Threats and degree of threat vary greatly across its range. Threats include habitat loss, commercial over-exploitation, and in some areas, probably competition/predation by bullfrogs or other introduced species. The decline in Rocky Mountains (Corn et al. 1989) is not due to acidification of breeding habitats (Corn and Vertucci 1992). Laboratory results suggest that there might be an interaction between crowding, temperature, and mortality from bacterial infection (e.g., red-leg disease); there was higher mortality when frogs were subjected to crowding and high temperatures (Brodkin et al. 1992). Agricultural chemicals such as atrazine have caused feminisation of frogs in agricultural areas (Hayes et al. 2002). In Panama it is threatened by general habitat loss due to the destruction of natural forests.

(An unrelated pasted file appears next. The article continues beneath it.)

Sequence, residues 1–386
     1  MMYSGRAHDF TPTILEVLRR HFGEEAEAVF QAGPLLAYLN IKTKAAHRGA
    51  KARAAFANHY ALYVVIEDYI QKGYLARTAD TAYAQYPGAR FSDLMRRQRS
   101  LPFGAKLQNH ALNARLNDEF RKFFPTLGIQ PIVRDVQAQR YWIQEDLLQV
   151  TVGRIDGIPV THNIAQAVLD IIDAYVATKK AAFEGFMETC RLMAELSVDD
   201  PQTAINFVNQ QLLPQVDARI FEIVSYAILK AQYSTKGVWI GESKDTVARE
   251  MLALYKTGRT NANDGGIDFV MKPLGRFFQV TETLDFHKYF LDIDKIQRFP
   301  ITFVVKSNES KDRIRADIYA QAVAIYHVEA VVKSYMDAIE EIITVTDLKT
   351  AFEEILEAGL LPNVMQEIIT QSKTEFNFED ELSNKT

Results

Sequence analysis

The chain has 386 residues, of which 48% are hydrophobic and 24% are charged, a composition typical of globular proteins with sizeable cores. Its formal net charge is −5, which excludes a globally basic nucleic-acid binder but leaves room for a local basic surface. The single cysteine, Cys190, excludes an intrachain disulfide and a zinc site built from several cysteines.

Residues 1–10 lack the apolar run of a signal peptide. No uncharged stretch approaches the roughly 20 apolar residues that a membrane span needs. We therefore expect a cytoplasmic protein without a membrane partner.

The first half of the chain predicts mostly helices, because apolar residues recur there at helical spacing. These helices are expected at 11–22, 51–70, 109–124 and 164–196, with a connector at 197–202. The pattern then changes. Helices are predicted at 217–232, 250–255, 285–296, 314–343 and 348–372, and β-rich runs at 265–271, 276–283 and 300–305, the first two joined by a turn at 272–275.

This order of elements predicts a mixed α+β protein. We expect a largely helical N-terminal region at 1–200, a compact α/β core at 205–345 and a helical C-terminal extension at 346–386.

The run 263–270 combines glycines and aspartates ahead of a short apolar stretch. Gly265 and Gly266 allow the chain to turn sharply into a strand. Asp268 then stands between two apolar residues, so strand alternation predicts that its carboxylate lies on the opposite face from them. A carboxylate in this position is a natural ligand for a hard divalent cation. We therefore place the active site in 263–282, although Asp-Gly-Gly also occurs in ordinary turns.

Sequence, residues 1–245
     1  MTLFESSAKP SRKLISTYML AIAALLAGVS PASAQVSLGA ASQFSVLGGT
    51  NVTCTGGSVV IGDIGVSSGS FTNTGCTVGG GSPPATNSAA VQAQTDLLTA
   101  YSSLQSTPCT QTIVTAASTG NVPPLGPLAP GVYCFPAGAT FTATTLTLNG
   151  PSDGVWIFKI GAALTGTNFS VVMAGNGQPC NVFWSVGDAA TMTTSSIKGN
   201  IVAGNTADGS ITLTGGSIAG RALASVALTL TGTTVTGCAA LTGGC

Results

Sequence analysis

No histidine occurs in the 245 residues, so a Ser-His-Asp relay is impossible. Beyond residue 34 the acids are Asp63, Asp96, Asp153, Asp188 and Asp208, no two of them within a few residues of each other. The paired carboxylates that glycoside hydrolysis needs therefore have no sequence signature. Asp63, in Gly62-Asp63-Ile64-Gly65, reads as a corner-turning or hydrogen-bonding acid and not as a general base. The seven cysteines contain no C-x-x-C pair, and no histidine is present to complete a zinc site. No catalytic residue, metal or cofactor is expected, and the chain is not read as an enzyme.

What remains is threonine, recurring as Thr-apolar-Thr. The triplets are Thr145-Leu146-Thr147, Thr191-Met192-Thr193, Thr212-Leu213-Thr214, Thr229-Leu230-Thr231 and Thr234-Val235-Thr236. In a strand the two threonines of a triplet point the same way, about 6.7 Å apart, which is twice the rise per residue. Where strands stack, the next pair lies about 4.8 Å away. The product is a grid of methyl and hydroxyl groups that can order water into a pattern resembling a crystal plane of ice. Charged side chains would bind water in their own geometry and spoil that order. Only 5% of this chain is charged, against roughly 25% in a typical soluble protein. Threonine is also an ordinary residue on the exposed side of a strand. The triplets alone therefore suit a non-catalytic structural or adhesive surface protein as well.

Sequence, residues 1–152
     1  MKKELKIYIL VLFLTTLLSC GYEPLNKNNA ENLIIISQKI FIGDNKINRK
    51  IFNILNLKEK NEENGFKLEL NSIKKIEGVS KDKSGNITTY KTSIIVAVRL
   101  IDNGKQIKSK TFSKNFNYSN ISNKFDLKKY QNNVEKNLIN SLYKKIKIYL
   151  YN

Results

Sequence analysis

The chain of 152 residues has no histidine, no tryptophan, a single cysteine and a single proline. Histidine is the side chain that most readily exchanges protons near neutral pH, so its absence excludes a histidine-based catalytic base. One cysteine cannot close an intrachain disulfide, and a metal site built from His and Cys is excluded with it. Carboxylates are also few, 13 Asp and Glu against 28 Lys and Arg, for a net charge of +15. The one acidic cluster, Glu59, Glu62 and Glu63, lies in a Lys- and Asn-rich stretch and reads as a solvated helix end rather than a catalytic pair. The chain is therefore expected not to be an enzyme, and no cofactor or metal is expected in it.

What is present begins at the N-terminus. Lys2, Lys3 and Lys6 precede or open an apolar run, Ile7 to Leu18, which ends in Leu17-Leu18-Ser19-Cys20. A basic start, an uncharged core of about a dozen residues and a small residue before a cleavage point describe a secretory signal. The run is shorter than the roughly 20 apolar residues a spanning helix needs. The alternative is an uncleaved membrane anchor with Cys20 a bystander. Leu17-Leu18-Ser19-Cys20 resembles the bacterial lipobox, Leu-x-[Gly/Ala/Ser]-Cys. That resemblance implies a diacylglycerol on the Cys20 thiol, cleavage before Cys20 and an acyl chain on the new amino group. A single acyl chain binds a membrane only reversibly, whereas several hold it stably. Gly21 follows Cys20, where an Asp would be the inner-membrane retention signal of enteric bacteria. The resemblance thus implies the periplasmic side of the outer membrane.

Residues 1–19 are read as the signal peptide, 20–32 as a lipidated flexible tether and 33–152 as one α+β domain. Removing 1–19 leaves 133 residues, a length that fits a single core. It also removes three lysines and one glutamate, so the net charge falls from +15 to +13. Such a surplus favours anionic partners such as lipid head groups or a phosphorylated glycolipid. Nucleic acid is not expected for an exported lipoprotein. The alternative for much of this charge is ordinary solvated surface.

Note that according to a taxonomic note on the IUCN Redlist page for this species: "The animals in Panama belonging to the Lithobates pipiens complex have not yet been named as a separate species. They are therefore treated here under the name Lithobates pipiens, though they are clearly not conspecific with true L. pipiens from North America."